The show must go on for Haliburton’s Shout Sister Choir
By Zachary Roman
Amid the COVID-19 pandemic, people everywhere are finding new ways to connect with and maintain the communities they were part of in the pre-pandemic world. For example, people are hosting parties, classes, meetings and more online – activities that can translate well to a virtual format.
Since the government enacted physical distancing protocols due to COVID-19, a dedicated group of women from Haliburton have been doing something that isn’t so easy to organize online – running their choir practices. The group, called Shout Sister, are doing this over popular video conferencing software Zoom.
“The main benefit is that the women get to get as close as they can to gathering because the singing ... for some, it’s the highlight of their week to get together and sing,” said Laurel McCauley, director of the Haliburton chapter of Shout Sister Choir. “They can see each other ... so it’s sort of the best that they could get without actually being physically close.”
There are 25 Shout Sister chapters across Ontario. The first one was established by Juno-award-nominated singer-songwriter Georgette Fry in Kingston in 2002. Shout Sister Choirs are unique in that they don’t require an audition or require you to know how to read sheet music to join. Shout Sister is a welcoming community for any and all women to sing together.
McCauley says that in these unprecedented times, the mental, physical and spiritual benefits of singing – especially with a group – are very important. It’s a sentiment shared by members of her choir as well. One of those members is Kim Quigley.
Quigley said there are concrete health benefits to singing in a group – and that there are so many more positives than just that. “In terms of now, us all being isolated from each other, having the ability to just see everyone’s face every week and chat in between songs … we’re just able to have that sense of community still, in spite of being isolated,” said Quigley. “Bringing more music into your life is never a bad thing ... It’s something to look forward to every week and sharing something with all those wonderful women and being able to sing, it’s wonderful.”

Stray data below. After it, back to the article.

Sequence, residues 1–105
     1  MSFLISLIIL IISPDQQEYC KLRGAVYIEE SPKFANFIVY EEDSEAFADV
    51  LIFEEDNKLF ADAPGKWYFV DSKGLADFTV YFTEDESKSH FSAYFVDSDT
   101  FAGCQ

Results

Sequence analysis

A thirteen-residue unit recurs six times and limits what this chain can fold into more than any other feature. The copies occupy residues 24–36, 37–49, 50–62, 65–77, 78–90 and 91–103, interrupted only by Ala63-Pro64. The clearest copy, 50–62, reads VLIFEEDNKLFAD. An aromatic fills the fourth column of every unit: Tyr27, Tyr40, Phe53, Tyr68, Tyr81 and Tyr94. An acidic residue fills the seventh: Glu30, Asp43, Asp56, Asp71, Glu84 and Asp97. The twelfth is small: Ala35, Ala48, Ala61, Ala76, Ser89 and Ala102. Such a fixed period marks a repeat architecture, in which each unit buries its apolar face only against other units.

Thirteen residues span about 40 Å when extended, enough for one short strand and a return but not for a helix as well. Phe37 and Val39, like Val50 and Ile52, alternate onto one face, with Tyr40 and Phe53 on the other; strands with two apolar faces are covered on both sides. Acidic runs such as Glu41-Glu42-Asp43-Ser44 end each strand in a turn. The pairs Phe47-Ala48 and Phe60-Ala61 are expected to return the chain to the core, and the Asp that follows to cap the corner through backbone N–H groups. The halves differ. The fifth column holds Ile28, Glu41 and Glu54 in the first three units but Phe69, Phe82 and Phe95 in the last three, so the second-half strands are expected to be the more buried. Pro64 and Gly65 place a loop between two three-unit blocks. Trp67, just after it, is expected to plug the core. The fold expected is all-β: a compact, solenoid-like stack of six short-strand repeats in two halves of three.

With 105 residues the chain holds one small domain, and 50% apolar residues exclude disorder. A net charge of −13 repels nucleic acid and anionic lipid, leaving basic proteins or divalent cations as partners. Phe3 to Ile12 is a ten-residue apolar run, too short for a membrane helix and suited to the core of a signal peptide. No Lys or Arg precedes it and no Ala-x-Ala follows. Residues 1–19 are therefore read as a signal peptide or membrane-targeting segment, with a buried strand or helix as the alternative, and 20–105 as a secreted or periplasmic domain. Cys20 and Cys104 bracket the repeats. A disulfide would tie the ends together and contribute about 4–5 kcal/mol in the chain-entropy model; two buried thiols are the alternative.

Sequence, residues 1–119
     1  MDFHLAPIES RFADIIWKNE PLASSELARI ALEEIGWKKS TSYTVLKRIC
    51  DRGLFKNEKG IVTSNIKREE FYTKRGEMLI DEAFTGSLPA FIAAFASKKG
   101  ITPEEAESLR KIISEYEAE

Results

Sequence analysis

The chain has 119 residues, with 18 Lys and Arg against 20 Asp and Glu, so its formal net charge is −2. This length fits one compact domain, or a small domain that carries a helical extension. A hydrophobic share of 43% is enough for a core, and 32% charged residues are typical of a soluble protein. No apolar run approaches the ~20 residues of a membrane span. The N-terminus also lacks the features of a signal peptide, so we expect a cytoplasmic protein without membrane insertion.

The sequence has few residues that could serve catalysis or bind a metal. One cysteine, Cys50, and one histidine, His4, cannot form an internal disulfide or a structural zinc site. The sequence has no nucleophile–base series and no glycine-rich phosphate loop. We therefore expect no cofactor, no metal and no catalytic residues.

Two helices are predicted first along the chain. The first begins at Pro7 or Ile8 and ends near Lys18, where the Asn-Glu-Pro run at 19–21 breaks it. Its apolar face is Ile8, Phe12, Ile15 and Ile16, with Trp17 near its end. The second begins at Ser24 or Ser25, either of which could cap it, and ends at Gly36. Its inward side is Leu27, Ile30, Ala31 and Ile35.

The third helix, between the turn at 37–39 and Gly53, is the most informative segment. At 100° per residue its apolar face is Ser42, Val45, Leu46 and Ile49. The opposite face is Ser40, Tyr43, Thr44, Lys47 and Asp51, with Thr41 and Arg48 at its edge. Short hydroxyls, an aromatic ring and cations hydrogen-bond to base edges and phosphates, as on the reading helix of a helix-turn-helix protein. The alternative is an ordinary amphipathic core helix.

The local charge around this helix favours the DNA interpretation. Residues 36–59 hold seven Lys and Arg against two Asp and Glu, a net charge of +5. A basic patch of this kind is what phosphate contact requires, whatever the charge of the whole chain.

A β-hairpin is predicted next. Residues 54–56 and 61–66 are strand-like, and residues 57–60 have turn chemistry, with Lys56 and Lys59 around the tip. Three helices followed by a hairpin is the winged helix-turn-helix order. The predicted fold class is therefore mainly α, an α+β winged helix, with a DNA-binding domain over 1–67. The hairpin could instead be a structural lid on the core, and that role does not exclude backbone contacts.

Quigley appreciates the structure that choir practices bring – she also participates in a daily online choir that streams practices from England. “Sometimes we wish we had more freedom, but you know, having no commitments at all, I don’t think it’s good for your mental well-being,” said Quigley. “I think something to get anchored on is really important, especially in these times.”
Despite the many benefits of continuing to run choir practices on Zoom, it doesn’t come without difficulties. Most of which are technical, of course.
“[Haliburton’s] internet isn’t always as high speed and as strong as other places’ might be,” said McCauley. “The difficulty on my end specifically was learning new technology. Once I learned that, I had to learn further how I needed to override some of the default settings that come automatically when you [get] a subscription to Zoom.”
Quigley said she commends McCauley for working so hard to get the online practices to where they are now. “She’s clearly really committed to making it work for all of us. I’m sure [setting everything up] was really difficult at the beginning, but we’ve got most of those bumps ironed out,” said Quigley. “Without hesitation I can say that I feel like I still have a connection to my choir and by extension to my community in general. Without this it would just be a big void.”
According to McCauley, timing in music is critical. And with the time lag of online video conferencing, that means the music for everyone in the call has to come from only McCauley’s speakers. McCauley has the master track, arranged by Fry, which contains all the vocal and backing track parts of a given song.
Everyone else in the call mutes their microphone and sings their part along to McCauley’s audio.
Because of the time lag, if everyone were unmuted it would sound like a jumbled mess. Everyone wishes they could hear each other, but for now, they have to settle for just seeing.
“You get a sense of singing together, but you’re not really, you’re singing with one other person,” said Quigley. “It helps you with your singing. That doesn’t really help with the group singing thing, you know, because you can’t hear everybody else. So that’s one of the challenging things.”
For practice purposes, choir members can download a recording of the master track, or just their specific part – for example, just the alto vocals, or just the soprano vocals – from Shout Sister’s website. “It’s very well organized, which is probably one of the reasons for the success of the organization,” said McCauley.
Because of the way the Zoom practices work, McCauley said that she isn’t in a position to direct the choir like she normally could. She said the Shout Sisters are doing this with fun as the first priority.
If you are interested in joining Shout Sister or listening to their work, you can check them out at shoutsisterchoir.ca.